Everything You Need to Know About How to Cut Down a Tree Safely
There comes a time for most homeowners when they need to get rid of a tree on their property. Of course, you can always call a Denver tree service company to do the heavy lifting. But if you decide this is something you want to tackle on your own, then here are some tips for expert tree felling.
Taking down a tree is no joke because it involves trees falling and chainsaws running. So don’t take safety for granted. You will need a few essentials:
- A logger’s helmet. This will protect your head from falling branches, which is one of the most common injuries to occur when taking down a tree.
- Earmuffs and face screen. This will protect your eyes and your face from injuries.
- Safety goggles. This is a no-brainer since you do not want dust or wood chips getting into your eyes.
- Kevlar chaps. These will stop a chain instantly if you happen to drop the bar against your leg.
The Felling Zone
This can also be referred to as making sure the tree falls in the direction you want. Keep in mind that trees are taller than you think—and that is especially true when they hit the ground. Plan on them reaching farther than you would expect. The best way to estimate where a tree will fall is to use a trick known as the ax handle trick
. Here’s how it works: Hold your ax handle at arm’s length, close one eye, and back away from the tree until you see that the top of the ax is on a par with the top of the tree and the bottom of the ax is even with the base. Where your feet end up is likely where the top of the tree will be after falling. Note that this is only an estimate, so you should still allow for extra room—especially if the tree could fall on something.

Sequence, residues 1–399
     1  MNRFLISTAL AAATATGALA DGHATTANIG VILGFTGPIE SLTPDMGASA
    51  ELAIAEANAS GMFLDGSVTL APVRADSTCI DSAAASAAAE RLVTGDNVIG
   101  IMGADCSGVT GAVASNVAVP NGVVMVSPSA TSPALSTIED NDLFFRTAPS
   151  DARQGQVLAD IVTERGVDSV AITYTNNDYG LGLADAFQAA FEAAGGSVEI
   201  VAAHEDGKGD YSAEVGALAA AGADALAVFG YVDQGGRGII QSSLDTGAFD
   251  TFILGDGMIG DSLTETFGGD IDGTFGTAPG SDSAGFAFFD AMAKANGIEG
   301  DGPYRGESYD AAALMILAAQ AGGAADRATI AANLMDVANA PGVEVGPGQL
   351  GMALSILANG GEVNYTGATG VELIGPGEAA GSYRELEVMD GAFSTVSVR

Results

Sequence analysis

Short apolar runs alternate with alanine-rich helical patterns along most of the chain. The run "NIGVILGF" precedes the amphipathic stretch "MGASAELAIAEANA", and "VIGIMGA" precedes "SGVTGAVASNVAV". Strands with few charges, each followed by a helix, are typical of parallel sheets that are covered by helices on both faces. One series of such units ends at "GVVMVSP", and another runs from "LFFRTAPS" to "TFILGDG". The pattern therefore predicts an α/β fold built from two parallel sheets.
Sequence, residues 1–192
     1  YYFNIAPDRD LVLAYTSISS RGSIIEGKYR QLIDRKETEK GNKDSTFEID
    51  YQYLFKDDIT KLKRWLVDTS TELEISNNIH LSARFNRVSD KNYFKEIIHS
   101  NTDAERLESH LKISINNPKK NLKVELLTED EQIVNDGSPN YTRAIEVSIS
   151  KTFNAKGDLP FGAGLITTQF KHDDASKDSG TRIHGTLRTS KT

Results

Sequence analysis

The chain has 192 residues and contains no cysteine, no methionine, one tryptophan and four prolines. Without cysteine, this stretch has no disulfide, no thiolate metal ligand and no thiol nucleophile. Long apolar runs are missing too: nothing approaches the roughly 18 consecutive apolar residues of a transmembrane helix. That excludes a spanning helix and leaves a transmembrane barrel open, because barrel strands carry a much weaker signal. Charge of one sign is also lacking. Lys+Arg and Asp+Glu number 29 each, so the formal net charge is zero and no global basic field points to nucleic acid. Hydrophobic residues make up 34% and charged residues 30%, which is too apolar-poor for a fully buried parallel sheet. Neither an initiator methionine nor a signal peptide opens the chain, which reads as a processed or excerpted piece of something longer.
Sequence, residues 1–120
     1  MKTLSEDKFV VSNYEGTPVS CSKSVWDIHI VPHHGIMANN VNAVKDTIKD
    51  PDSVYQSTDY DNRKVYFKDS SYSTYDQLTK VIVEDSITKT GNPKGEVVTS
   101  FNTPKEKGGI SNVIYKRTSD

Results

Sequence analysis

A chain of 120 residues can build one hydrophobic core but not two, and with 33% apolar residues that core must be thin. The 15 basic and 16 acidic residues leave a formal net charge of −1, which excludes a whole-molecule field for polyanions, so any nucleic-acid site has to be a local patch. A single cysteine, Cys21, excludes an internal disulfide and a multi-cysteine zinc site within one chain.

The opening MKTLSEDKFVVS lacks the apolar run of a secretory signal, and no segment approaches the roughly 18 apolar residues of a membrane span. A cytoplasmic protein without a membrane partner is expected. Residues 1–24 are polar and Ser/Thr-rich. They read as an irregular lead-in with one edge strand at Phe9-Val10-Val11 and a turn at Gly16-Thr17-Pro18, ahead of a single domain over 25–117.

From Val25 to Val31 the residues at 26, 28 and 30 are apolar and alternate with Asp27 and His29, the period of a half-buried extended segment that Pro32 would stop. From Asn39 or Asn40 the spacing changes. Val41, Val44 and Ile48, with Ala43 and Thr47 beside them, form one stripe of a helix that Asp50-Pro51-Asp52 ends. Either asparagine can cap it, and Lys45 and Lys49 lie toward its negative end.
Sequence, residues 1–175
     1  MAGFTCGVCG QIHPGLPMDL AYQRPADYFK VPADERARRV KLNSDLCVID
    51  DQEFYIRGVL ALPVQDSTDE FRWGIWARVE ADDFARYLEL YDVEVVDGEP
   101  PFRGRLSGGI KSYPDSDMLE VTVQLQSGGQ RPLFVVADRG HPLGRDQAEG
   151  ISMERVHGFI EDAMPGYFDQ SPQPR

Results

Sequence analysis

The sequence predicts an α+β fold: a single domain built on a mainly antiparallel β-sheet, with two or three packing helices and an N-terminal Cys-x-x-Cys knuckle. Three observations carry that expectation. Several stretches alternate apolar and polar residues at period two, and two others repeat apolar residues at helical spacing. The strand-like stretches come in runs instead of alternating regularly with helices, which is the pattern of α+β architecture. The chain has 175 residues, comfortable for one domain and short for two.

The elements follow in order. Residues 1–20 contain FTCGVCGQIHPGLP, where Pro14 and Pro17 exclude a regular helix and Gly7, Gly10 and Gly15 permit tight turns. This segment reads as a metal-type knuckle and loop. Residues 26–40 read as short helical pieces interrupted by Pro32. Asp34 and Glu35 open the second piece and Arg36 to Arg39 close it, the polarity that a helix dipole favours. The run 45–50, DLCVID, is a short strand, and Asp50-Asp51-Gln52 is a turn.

The Cutting Zone
Even when you think you can anticipate where the tree will fall, you still have more prep work to do. Remove any brush around the trunk and create two escape routes on the nonfalling side of the tree. They should and go in opposite directions. You don’t want to trip anything while a tree is falling down.
Usually the notch is about one-fifth the size of the trunk. You’ll cut the notch on the falling side of the trunk. Before cutting, mark the area with chalk or lightly score the bard with the chainsaw. Create the notch at a comfortable working height.
Score a line that connects the top of the notch on both sides for a cutting guide. The back cut should be parallel and even with the notch. Then you can make the cut. The instant the tree begins leaning, pull the chainsaw free, set the brake, and move your way through one of the escape routes. Never stop watching the tree; it may not do what you think it will do.
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